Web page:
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Re: [PATCH, RFC] Macros expansion changes, robust symbol macros, and con

From: Daniel Colascione
Subject: Re: [PATCH, RFC] Macros expansion changes, robust symbol macros, and constant propagation
Date: Tue, 17 Sep 2013 22:34:37 -0700
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On 9/17/13 8:06 PM, Stefan Monnier wrote:
>>>> - removes Fmacroexpand and implements macroexpand-1 and macroexpand in lisp
>>> Sounds good (indeed for gv.el we want macroexpand-1).  Do you have some
>>> measurement of the performance impact?
>> On my machine, macroexpand is about 30% slower than the old version,
>> depending on environment size.
> I think a good measurement is "load a whole bunch of *.el files", which
> will spend time in eager macro-expansion (as well as a bit of `read' and
> a bit of `eval', plus a bit of coding-system decode which could be
> optimized away, ideally, but isn't yet).  30% slowdown for such
> a test-case would be definitely considered "too costly".

Let's see how bad it is in the real world. I'm confident I can make the
thing perform as well as the old version in the common case. Worse comes
to worst, we can keep the C macroexpand implementation and make
macroexpand-1 a separate code path.

Don't forget that constant propagation might provide significant
offsetting speedups.

>>> BTW, I see you sometimes strip the macroexpand-already-expanded tag.
>>> Can't this lead again to repeated expansion?
>> Yes, but only in a harmless way.  See above.
> I still don't understand what guarantees that it's always harmless.

I meant "harmless" in the sense that a macroexpand on a symbol-macrolet
form always produces a fully macroexpanded form, and that this expansion
incorporates all the expansions of its children. Repeatedly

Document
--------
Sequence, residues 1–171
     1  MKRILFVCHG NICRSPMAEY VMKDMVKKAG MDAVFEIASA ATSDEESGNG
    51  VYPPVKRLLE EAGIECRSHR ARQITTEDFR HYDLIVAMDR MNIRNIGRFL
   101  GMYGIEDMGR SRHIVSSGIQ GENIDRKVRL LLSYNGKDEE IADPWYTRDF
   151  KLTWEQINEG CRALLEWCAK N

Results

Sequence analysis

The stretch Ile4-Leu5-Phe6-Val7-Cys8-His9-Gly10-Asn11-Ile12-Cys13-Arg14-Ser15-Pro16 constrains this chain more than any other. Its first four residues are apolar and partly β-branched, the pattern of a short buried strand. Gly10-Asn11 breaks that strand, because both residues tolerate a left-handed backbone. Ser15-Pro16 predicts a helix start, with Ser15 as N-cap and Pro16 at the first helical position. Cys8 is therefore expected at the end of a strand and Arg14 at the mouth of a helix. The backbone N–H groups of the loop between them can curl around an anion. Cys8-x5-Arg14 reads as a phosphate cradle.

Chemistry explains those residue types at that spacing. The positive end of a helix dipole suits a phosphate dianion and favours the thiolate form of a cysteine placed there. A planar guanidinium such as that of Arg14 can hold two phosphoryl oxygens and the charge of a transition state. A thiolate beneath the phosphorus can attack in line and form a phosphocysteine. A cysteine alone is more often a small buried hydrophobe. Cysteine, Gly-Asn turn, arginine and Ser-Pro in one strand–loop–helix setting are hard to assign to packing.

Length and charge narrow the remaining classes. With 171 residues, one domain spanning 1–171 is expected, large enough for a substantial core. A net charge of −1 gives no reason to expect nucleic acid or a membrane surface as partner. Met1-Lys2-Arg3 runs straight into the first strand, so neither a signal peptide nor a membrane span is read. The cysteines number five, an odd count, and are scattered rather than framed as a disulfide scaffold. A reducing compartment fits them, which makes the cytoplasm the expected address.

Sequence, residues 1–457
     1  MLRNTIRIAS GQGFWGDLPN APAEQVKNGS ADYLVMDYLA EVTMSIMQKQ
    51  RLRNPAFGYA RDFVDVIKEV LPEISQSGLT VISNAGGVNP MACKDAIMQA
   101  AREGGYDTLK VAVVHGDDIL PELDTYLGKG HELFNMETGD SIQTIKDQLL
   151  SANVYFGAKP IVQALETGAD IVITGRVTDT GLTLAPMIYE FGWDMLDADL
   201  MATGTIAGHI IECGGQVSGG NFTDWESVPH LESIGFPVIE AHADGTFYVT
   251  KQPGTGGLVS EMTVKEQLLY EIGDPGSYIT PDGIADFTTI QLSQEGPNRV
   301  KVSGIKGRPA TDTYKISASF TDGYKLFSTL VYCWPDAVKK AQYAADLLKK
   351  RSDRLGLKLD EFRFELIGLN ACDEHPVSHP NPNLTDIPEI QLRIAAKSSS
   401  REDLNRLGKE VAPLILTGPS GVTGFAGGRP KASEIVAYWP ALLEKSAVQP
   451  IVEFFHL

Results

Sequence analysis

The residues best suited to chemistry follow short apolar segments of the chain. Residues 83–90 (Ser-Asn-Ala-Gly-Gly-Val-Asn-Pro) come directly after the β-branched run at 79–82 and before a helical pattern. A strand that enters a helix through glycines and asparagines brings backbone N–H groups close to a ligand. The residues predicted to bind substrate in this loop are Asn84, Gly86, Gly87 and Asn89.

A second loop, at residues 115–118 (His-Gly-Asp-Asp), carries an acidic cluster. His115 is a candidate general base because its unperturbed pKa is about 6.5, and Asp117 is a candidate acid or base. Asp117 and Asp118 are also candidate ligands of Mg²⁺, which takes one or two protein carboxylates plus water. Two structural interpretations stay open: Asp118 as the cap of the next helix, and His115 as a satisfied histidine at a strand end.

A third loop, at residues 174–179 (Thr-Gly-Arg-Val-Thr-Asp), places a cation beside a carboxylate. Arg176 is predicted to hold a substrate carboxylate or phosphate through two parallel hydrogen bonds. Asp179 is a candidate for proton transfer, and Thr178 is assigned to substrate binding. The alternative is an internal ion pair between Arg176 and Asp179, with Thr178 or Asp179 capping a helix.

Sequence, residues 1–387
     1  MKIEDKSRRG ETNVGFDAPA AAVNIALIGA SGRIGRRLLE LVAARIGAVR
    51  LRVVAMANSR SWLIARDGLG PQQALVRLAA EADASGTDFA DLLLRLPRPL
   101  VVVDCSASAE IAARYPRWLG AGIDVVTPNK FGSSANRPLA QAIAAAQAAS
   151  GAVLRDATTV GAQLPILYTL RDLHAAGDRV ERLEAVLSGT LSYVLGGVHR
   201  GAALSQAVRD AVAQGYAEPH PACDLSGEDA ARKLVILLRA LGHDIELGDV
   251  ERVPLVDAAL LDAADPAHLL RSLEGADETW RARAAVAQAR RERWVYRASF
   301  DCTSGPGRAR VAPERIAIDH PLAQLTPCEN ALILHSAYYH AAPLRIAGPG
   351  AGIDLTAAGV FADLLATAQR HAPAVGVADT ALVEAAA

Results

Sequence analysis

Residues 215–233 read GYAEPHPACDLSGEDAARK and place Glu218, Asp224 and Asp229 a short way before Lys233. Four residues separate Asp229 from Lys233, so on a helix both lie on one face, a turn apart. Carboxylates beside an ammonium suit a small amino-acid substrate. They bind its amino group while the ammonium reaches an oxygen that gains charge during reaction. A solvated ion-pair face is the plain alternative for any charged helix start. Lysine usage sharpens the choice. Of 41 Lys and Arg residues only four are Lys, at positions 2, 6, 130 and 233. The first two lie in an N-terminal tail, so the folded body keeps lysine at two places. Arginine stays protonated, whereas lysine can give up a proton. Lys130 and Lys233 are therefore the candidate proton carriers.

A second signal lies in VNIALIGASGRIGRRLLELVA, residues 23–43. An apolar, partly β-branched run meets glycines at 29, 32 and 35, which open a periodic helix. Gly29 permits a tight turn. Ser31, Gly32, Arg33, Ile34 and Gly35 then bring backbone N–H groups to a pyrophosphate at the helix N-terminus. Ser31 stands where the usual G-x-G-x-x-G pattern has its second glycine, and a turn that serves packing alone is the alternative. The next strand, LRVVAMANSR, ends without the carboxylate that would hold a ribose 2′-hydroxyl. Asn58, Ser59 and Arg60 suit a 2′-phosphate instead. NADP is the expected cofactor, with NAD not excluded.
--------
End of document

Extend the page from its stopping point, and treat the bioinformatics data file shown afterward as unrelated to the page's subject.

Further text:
macroexpanding this form is safe. What isn't safe is macroexpand-alling
the result of calling macroexpand-all in a non-null symbol macro
environment. In this case, yes, you can produce an incorrect result,
just as the default macro expansion strategy does.

But you'd have to do that on purpose: a macro is either going to rely on
the default macro expansion strategy, which works fine, or it's going to
return something like (cons :dontexpand (macroexpand-all (some-transform
macro-arguments) (append something macro-environment)), which is also
safe. You'd have to try in order to make repeated expansion a problem.
What would be the point of having macroexpand-all return a form with the
:dontexpand tag still attached when its caller is either going to be
another macro, which will add its own tag, or a top-level caller, which
doesn't want to see the tag?

>>>> - adds symbol-macros to the core, in macroexp
>>> I don't think I like this: CL's symbol-macro is *very* rarely used, so
>>> for now I'd rather keep it in cl-macs.el.
>> Ah, but we use symbol macros to do constant propagation, and we want
>> constant propagation to be in the core!
> I'm not convinced symbol-macro is a good way to perform
> constant propagation.  See my comment below.

Why not? symbol-macrolet does precisely what we need. Would you be
happier if we added the symbol-macrolet's rewrite engine and just didn't
call it symbol-macrolet? Why write another tree walker when macro
expansion serves?

>> We need this analysis for optimizing let bindings.  cconv's analysis is
>> similar in some respects, and I looked into using it, but cconv's
>> analysis does both more (closure candidates) and less (reference
>> analysis) than what we need
> "More" is not a problem, I think.  As for "less", it might be easy to
> address it.

There's another problem: cconv analysis happens _once_, in
byte-compile-preprocess.  We need to run constant propagation
repeatedly. Each round of constant propagation might enable further
optimizations that, in turn, can cause more constants bindings to
appear. Constant propagation is fine as either a byte-optimizer or
compiler-macro, but cconv is the wrong place for it.